If you've ever seen sprouted garlic in your home, you've probably thought twice about eating it. We don't blame you: Those green shoots coming from the bulb don't exactly seem appetizing. But just because something on food looks strange doesn't necessarily mean that it's bad (we're looking at you, brown spots on cauliflower and white marks on baby carrots). So what's the deal with garlic that has sprouted? Is it still safe to eat, or should it go straight in the trash?
According to the Journal of Agricultural and Food Chemistry, experts actually urge people not to throw away sprouted garlic. Here's why: Sprouted garlic has even more heart-healthy antioxidant activity than fresher bulbs. Wait, how can that be? Well, as you may know, garlic in general is known for having many health benefits. According to the Cleveland Clinic, garlic can boost your immunity, work as an anti-inflammatory food, improve heart health, and give you better-looking hair and skin. And past studies have shown that sprouted beans and grains have higher antioxidant activity, so scientists were naturally curious if the same would also be true for sprouted garlic.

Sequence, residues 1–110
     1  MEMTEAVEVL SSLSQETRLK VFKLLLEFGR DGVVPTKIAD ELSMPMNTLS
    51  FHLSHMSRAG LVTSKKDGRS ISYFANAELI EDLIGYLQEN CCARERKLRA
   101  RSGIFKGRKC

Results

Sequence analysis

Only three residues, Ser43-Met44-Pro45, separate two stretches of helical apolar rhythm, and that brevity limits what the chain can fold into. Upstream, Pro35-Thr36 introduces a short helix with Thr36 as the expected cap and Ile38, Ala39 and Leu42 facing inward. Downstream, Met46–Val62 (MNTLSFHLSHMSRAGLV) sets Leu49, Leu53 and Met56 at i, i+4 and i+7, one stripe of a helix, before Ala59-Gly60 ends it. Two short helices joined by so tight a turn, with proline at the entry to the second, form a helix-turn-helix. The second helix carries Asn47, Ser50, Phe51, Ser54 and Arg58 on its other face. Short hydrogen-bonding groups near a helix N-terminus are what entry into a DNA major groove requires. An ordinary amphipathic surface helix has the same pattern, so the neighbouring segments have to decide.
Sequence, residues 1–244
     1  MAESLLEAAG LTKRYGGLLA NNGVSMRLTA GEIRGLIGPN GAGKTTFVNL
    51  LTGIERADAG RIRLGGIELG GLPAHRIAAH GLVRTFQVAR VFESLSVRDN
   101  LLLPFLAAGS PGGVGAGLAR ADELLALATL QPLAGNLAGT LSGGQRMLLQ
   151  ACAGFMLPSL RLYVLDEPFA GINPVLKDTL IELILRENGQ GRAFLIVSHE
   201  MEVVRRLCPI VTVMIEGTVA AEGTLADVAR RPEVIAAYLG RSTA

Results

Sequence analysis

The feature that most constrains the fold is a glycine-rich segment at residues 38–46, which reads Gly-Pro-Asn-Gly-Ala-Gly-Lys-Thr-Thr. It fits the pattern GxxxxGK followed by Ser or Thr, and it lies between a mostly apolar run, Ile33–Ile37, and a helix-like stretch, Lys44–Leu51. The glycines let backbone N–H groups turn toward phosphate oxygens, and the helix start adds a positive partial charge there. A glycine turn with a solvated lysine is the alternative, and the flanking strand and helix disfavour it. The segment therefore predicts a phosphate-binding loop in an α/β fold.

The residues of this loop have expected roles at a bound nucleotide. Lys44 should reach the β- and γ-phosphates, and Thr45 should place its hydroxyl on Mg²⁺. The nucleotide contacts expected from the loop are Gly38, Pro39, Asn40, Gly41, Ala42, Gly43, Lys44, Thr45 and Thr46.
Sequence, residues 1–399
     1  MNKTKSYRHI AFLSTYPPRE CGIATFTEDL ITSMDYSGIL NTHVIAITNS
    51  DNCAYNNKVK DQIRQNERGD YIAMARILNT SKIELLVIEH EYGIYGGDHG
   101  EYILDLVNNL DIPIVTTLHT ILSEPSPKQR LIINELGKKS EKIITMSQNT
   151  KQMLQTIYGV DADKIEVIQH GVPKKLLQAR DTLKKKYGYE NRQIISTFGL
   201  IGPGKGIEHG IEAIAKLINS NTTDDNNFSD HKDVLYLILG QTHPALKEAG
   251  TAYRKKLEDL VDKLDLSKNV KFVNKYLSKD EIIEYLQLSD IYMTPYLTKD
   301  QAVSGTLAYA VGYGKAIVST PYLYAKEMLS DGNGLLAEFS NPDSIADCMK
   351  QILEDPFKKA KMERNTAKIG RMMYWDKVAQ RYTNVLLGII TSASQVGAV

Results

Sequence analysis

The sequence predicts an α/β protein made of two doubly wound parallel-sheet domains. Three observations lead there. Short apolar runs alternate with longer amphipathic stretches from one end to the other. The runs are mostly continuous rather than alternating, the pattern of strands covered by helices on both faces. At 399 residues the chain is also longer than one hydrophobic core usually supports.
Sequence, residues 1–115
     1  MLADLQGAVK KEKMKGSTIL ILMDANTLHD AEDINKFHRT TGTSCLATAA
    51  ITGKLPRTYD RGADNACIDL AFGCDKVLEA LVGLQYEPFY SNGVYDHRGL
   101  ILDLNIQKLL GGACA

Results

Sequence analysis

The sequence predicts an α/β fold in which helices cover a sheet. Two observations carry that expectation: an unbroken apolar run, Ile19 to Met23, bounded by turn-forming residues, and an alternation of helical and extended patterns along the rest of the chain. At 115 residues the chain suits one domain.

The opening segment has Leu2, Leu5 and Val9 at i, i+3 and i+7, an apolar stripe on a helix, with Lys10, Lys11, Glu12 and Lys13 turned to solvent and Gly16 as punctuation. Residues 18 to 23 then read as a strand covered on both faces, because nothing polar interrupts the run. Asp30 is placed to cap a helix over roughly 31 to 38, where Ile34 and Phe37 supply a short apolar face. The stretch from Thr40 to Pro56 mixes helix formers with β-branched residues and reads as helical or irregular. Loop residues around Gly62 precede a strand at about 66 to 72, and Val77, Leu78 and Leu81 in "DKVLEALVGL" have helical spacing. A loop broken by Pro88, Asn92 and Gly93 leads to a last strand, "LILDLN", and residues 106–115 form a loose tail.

As the Journal of Agricultural and Food Chemistry reports, garlic sprouted for five days not only had higher antioxidant activity than fresh garlic, but also was able to protect cells in a lab dish from certain types of damage. While this info might be very exciting to anyone who wants to boost antioxidants in their meals, it's worth keeping in mind that sprouted garlic may not be the tastiest garlic you've ever eaten.
According to Berkley Wellness, the shoots of sprouted garlic tend to be particularly bitter in taste. So if you're not a fan of bitter flavors, you have the option of cutting out the sprouts and simply just using the bulbs like you normally would with cooking. And if weather conditions are favorable for gardening, you can even try planting cloves sprout side up in the soil to grow your own garlic.